"We see our name in the paper a lot, but we're kind of wondering when you're going to actually do something." -Bill Maher on Barack Obama
Bill Maher has offered some scathing criticism of Obama of late, ranting against the president's televisional ubiquity and questioning Obama's political substance on his show, in an op-ed in the LA Times, and in an interview with MSNBC's Keith Olbermann.
But so far, Obama's backers largely have yet to speak up and deliver what the chattering classes might refer to as a smackdown to Maher for so harshly criticizing the president.
So why haven't liberals blasted Maher, or even balked at his criticism?
Perhaps it's because Maher represents a faction of Obama's support base--the left contingent of the Obama coalition--and he does speak for their concerns. Partly the same contingent that's been upset with him for continuing to use military tribunals--the same liberal faction that was upset with Obama the candidate for backing the 2008 overhaul of wiretapping rules that codified some new government authority and offered retroactive immunity to telecom companies who cooperated with Bush.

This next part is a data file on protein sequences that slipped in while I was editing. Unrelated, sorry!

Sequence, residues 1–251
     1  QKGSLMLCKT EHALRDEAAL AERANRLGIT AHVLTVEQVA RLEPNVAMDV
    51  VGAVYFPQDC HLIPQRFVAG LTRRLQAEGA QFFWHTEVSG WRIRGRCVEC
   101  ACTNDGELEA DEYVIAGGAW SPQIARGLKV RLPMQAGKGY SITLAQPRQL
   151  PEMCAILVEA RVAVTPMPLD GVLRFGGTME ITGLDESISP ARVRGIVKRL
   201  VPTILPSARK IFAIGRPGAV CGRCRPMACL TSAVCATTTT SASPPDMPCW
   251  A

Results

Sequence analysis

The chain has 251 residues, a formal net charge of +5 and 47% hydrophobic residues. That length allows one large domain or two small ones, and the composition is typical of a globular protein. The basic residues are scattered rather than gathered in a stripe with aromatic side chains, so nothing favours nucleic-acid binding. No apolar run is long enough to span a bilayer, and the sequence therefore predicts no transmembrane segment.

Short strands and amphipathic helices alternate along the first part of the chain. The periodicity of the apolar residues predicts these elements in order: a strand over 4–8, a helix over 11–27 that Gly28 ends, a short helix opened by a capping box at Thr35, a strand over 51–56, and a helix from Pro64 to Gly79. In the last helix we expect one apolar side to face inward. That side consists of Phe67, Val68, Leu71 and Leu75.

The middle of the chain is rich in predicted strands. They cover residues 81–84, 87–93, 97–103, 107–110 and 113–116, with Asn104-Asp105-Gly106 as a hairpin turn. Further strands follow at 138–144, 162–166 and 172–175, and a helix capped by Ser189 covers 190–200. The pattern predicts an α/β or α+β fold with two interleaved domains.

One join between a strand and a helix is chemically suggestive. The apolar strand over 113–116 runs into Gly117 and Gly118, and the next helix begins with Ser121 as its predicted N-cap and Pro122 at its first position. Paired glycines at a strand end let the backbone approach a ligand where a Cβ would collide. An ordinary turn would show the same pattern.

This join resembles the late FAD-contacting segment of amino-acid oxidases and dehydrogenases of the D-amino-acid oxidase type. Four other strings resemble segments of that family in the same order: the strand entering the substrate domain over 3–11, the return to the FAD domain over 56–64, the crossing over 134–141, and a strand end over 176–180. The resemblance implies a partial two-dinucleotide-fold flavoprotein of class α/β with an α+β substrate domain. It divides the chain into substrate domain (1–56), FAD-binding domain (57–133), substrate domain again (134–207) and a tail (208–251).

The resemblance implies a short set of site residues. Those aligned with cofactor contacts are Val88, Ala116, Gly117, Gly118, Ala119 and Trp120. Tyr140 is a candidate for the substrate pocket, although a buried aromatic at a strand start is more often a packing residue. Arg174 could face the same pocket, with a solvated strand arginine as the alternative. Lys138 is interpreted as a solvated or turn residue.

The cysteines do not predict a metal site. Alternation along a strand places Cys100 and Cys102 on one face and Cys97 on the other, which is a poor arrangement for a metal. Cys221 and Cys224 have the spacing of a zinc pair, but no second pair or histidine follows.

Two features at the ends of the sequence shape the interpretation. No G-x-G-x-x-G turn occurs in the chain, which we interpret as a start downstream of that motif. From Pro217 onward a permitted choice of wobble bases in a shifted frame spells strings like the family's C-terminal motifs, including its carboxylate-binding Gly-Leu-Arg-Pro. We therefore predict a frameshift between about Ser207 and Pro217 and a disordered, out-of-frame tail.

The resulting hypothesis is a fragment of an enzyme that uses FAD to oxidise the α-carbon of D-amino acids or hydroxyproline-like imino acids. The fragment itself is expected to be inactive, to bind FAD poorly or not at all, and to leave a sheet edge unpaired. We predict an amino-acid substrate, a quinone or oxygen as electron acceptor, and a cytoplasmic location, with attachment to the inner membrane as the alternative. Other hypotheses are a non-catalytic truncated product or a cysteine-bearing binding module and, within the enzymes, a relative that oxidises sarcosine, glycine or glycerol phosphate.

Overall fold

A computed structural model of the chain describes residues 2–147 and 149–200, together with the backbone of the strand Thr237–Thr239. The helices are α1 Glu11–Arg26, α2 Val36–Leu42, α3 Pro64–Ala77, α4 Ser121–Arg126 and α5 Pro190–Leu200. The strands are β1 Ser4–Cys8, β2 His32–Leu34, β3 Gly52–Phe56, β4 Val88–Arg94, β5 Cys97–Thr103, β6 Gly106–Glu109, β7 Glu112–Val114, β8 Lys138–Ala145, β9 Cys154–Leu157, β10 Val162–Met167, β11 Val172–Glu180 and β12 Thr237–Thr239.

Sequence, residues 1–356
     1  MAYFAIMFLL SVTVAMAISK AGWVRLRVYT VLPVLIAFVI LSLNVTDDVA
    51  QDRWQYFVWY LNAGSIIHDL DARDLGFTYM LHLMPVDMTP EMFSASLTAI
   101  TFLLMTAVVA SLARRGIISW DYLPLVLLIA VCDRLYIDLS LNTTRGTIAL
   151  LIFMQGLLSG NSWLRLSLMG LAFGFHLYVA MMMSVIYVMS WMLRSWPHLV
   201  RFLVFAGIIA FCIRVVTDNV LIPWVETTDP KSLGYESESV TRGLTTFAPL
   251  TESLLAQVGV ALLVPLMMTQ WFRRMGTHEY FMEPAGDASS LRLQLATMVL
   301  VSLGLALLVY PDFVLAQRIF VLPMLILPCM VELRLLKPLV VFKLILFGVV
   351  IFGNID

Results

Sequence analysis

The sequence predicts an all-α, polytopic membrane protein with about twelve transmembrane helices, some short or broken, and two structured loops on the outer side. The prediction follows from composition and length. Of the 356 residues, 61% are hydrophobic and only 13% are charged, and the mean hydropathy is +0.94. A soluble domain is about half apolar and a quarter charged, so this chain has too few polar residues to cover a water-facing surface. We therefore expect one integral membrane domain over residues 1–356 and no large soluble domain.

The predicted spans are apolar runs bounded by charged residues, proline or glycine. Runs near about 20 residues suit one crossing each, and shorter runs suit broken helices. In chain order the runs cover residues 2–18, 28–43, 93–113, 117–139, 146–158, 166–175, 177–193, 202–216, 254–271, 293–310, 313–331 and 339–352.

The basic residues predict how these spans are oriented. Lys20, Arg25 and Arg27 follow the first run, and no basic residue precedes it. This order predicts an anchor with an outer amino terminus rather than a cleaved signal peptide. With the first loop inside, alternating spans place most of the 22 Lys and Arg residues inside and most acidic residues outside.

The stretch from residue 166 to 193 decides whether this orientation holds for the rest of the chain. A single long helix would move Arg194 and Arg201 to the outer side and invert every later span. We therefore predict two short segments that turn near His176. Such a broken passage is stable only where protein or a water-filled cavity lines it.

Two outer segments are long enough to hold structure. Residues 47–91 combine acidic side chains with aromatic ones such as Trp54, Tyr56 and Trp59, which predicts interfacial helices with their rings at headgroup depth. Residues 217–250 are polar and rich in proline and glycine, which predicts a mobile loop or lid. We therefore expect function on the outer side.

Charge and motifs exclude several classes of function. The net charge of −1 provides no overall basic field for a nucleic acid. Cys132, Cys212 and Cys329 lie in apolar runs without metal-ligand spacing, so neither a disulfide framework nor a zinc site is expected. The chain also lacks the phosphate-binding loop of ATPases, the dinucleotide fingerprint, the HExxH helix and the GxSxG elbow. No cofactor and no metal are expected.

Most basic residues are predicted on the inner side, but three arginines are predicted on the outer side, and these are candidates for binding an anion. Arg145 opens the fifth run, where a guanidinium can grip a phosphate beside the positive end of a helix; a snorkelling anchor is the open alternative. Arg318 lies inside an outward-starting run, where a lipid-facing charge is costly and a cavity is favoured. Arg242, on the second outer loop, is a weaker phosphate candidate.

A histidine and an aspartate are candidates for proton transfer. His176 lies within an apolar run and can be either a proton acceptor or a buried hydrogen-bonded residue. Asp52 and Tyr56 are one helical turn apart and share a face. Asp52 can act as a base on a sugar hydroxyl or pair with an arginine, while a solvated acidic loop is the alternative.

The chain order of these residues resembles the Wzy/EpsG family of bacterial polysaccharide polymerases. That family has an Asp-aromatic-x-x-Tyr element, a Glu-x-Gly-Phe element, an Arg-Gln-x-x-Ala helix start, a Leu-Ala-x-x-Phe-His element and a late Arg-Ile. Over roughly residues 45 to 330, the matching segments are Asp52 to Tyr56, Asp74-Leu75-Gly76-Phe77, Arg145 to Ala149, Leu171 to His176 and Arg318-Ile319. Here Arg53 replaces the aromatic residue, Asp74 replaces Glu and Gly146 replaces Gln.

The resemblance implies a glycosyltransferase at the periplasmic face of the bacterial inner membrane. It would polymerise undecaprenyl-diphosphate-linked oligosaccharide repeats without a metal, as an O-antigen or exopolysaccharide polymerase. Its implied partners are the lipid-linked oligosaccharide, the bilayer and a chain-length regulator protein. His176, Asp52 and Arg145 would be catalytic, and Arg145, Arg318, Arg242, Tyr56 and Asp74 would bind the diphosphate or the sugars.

Perhaps it's that people who feel the same way Maher does are simply more vocal than their centrist counterparts. Perhaps it's that impassioned criticism is always louder than regular old satisfaction with the president.
Perhaps it's that Obama hasn't given his backers enough ammunition to fight against Maher's attacks: health care reform, energy reform, withdrawal from Iraq, and the closure of Guantanamo haven't happened yet. One of Obama's most notable accomplishments actually was a speech--the one he gave in Cairo--which fits Maher's narrative well.
I'm not sure why it is so. But Maher's criticism is out there, collecting its supporters.